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Performing Live

Journey at Home Day 41

The Met Opera held a 4-hour, mostly live gala of performances by 40 artists from around the world, and the Met orchestra and chorus. Think of it as the opera version of Global Citizen One World, Together at Home. That special was amazing, but prerecorded. Peter Gelb, the General Manager of the Met wanted the performance to be mostly live because part of the thrill of opera is not knowing whether things will come off as planned. Especially because the voice is such a personal instrument.

Similar to the Global Citizen, I found it interesting to see the singers in their own homes. Some were clearly set up with better equipment than others, as most people just used a phone-quality microphone or laptop through Skype. Wagnerian Christine Goerke couldn't perform because her voice is so strong is overloaded her iPad. (Mobile devices and laptops are never built with great microphones or speakers in them.) Other signers had a bit of distortion, but all in all the performances went off smoothly.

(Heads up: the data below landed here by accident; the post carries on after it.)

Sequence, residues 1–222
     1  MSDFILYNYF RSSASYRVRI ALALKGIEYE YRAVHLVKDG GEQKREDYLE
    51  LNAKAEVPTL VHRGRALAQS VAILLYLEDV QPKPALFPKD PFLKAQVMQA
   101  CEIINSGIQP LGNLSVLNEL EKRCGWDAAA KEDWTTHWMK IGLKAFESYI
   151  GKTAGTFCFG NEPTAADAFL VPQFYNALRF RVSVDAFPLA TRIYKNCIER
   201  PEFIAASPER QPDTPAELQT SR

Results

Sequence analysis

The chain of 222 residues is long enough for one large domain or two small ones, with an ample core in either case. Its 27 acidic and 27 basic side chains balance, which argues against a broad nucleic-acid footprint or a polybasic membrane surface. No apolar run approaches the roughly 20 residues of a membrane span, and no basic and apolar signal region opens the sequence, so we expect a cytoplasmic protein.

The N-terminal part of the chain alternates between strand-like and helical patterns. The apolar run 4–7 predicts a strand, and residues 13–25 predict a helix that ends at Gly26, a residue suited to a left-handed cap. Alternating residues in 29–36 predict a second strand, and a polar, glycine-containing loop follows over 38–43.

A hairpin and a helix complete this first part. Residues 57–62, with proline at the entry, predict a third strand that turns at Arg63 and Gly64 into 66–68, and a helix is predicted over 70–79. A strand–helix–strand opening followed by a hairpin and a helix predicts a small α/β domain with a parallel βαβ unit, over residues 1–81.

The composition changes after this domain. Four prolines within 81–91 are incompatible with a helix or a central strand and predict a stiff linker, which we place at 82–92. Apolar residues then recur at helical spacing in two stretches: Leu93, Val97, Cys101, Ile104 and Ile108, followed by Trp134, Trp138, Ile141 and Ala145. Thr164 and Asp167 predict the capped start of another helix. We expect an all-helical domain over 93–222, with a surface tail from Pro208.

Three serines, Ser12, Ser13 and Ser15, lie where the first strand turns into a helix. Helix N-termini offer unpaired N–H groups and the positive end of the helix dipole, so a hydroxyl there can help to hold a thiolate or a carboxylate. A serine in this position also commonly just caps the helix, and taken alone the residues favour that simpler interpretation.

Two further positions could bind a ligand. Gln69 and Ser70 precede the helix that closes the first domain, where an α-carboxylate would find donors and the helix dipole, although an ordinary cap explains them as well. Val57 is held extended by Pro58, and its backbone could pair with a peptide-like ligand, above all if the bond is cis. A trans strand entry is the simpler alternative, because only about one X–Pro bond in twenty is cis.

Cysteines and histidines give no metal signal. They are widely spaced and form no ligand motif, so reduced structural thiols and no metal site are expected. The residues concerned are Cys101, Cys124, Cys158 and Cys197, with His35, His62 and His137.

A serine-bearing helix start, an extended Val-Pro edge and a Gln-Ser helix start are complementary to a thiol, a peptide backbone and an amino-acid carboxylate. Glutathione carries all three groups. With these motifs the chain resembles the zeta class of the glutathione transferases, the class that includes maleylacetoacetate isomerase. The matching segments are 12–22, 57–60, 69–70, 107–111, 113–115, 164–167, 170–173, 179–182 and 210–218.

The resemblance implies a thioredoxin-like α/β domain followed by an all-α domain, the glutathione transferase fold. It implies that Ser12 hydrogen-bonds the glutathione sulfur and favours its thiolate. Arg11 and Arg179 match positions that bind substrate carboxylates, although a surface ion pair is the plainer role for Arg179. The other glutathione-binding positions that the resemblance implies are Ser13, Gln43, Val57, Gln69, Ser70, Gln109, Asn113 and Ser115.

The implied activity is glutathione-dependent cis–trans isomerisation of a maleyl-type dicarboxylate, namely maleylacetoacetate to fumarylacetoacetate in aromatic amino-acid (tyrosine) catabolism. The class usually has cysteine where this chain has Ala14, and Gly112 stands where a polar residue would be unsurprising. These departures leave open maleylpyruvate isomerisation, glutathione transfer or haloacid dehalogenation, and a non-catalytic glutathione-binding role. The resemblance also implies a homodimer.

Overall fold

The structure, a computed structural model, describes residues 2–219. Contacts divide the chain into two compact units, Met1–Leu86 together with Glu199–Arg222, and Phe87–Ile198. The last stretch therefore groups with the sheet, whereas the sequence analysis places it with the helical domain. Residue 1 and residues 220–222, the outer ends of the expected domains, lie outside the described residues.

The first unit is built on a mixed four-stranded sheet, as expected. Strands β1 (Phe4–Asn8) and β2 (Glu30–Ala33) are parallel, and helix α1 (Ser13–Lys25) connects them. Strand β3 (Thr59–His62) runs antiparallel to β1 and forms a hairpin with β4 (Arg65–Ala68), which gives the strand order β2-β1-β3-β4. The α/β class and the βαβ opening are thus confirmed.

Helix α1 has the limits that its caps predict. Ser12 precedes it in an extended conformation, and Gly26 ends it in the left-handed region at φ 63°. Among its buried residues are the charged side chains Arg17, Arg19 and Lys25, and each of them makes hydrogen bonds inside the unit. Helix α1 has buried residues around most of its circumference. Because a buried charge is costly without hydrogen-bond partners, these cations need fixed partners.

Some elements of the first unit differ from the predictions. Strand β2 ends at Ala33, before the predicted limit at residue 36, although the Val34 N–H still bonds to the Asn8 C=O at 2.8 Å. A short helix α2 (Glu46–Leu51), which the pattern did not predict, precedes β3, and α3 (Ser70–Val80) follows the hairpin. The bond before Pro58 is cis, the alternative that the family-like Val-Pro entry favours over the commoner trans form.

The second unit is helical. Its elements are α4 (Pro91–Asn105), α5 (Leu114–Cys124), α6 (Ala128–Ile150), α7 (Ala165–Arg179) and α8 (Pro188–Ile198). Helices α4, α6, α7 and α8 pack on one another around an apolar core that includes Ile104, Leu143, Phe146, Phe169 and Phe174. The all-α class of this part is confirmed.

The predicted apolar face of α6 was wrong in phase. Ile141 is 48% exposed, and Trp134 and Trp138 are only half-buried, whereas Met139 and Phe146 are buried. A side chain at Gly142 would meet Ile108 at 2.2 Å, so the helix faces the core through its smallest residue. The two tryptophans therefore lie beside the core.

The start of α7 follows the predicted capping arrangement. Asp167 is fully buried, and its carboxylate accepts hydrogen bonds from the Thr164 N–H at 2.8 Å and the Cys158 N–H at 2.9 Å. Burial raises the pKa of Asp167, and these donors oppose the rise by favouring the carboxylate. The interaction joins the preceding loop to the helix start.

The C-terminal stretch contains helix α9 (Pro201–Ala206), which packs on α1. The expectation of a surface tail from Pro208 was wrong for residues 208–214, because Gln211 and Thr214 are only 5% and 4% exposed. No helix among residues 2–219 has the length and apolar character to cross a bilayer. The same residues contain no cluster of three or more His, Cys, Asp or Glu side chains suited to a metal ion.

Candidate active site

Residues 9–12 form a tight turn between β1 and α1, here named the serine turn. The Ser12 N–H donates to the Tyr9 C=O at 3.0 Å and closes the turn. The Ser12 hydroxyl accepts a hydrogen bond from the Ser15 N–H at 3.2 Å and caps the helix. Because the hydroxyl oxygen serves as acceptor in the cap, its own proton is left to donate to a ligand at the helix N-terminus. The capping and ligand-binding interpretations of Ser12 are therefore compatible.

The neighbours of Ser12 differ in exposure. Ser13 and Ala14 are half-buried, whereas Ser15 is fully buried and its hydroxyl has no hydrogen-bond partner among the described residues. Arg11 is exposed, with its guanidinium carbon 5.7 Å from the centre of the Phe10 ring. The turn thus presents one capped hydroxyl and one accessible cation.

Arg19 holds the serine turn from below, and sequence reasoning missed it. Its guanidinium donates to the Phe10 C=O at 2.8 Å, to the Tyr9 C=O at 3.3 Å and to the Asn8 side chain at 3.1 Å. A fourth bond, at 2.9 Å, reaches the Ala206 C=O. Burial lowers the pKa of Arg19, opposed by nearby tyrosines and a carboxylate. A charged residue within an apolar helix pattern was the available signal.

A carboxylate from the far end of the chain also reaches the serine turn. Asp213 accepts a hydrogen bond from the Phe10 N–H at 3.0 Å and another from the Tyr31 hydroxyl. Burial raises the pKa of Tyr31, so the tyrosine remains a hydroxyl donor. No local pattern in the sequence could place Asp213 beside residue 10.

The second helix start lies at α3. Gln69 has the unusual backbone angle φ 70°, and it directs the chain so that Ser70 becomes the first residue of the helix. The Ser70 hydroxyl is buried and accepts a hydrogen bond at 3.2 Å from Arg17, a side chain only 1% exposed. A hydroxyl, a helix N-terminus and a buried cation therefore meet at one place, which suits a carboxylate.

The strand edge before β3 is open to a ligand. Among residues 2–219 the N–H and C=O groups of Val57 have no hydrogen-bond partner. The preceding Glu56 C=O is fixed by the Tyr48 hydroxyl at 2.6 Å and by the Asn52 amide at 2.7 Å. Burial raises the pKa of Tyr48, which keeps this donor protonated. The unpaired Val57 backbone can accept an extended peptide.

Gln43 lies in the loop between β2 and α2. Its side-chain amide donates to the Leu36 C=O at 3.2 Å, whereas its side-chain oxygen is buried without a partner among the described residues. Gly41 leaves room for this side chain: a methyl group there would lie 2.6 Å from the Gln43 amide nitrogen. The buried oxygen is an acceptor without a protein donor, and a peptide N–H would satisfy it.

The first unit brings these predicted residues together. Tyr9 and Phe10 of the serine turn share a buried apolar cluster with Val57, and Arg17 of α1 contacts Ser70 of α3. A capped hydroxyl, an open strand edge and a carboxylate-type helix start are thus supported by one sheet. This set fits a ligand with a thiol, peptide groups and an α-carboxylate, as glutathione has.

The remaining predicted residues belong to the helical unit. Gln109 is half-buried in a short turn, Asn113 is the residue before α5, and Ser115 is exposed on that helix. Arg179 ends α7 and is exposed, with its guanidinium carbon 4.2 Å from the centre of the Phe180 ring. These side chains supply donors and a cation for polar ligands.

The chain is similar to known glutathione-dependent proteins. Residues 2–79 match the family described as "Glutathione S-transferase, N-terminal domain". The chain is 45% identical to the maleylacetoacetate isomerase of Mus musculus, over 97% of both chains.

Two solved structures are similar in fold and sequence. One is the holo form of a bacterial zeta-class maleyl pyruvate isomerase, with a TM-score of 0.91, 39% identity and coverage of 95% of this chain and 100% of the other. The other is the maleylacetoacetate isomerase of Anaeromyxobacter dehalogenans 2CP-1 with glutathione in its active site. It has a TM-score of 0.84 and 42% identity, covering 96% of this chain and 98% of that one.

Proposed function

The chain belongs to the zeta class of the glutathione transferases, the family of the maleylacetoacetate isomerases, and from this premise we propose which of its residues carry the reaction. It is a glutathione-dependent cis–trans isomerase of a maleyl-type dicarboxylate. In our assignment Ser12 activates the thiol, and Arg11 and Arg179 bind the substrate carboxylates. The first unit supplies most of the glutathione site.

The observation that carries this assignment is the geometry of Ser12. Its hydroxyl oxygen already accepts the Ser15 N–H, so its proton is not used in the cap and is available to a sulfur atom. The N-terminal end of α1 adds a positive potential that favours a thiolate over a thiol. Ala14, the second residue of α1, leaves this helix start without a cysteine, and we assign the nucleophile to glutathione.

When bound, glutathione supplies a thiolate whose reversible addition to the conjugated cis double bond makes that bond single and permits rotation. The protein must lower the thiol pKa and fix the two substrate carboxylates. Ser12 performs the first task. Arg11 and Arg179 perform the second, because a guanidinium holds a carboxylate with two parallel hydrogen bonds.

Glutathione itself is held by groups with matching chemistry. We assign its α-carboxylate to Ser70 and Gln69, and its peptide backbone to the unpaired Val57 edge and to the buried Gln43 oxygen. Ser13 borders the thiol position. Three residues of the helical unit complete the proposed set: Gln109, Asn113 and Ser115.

The truly groundbreaking performances came from the orchestra conducted by Yannick Nézet-Séguin. Each orchestra member was in their own home. Yannick said that coordinating an orchestra to perform separately typically require a click track, but click track music doesn't breathe the way a live performance does. Yannick filmed himself "air conducting" and then had the Met pianist perform a piano track. Each musician recorded themselves using the air conducting and piano track. The result is outstanding. It was obvious that each musician had a microphone better than that provided in a mobile device or laptop. I imagine that musicians at that level of excellence are likely to have a microphone at home. If not, I suspect the Met made a few equipment deliveries. Check it out. The Met will soon make the stream available for replay through their website:

Thank you Met for an outstanding day!

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